On June 5, 2018, during the Computex show in Taiwan, AMD revealed some details about its upcoming 12nm 2nd generation Ryzen Threadripper processor family that will have up to 32 physical cores (and 64 threads with SMT) that will work on existing X399 motherboards. These processors will also have the 2nd generation Ryzen features like Precision Boost 2 and XFR 2 to more aggressively boost clock speeds on multiple threads.
These are due to be released during the 3rd quarter of 2018 (rumor has it during August). My guess is that the flagship processor will have an MSRP of $1599.99… Let’s see how accurate my guess turns out to be!
Figure 1: AMD slide revealed at Computex
Since then, there has been quite a bit of speculation about the specifications and performance of this new family of processors. There have even been some supposed benchmark results and CPU-Z screenshots from the purported flagship AMD Ryzen Threadripper 2990X processor, as shown in Figure 2.
Figure 2: Alleged AMD Ryzen Threadripper 2990X CPU-Z Screenshot
Figure 3 shows an actual AMD Ryzen Threadripper 1950X CPU-Z screenshot (from my personal workstation system). The ID caption at the top of my screenshot shows that it is a validated result.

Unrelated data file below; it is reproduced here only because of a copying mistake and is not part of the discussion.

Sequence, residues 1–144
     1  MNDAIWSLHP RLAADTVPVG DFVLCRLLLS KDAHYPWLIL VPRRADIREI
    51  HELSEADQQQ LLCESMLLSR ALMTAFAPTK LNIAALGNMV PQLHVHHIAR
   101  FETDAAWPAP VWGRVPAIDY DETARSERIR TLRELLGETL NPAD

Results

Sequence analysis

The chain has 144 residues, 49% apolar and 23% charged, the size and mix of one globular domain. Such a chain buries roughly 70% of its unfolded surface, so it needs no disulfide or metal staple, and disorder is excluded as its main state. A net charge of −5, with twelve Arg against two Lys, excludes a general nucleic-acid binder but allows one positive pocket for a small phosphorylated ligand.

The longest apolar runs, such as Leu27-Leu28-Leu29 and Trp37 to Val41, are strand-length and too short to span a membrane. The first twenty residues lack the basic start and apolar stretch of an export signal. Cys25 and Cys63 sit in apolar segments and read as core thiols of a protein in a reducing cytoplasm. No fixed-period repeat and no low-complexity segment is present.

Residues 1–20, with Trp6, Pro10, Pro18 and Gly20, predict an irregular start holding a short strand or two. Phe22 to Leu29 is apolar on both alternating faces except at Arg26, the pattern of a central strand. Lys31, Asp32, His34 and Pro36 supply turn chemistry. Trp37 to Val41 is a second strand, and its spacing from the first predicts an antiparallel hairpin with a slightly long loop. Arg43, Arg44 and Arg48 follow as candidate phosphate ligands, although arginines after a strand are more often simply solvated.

Figure 3: Actual AMD Ryzen Threadripper 1950X CPU-Z Screenshot
Looking closely at the font on the Tools button from the purported Threadripper 2990X screenshot in Figure 2, it appears to be different than what you actually see in CPU-Z (and different from the font on the other buttons), which probably means that the screenshot is fake. Regardless of this, the numbers in the doctored screenshot are plausible from what AMD has officially revealed about the new processor.
If you are considering buying/building a new high-end desktop (HEDT) for workstation use, this new processor would be an excellent choice. It supports up to 128GB of RAM, and has 64 PCIe lanes, so you can have multiple M.2 NVMe drives with PCIe 3.0 x4 connectivity.
This easily lets you run multiple instances of SQL Server and multiple concurrent virtual machines.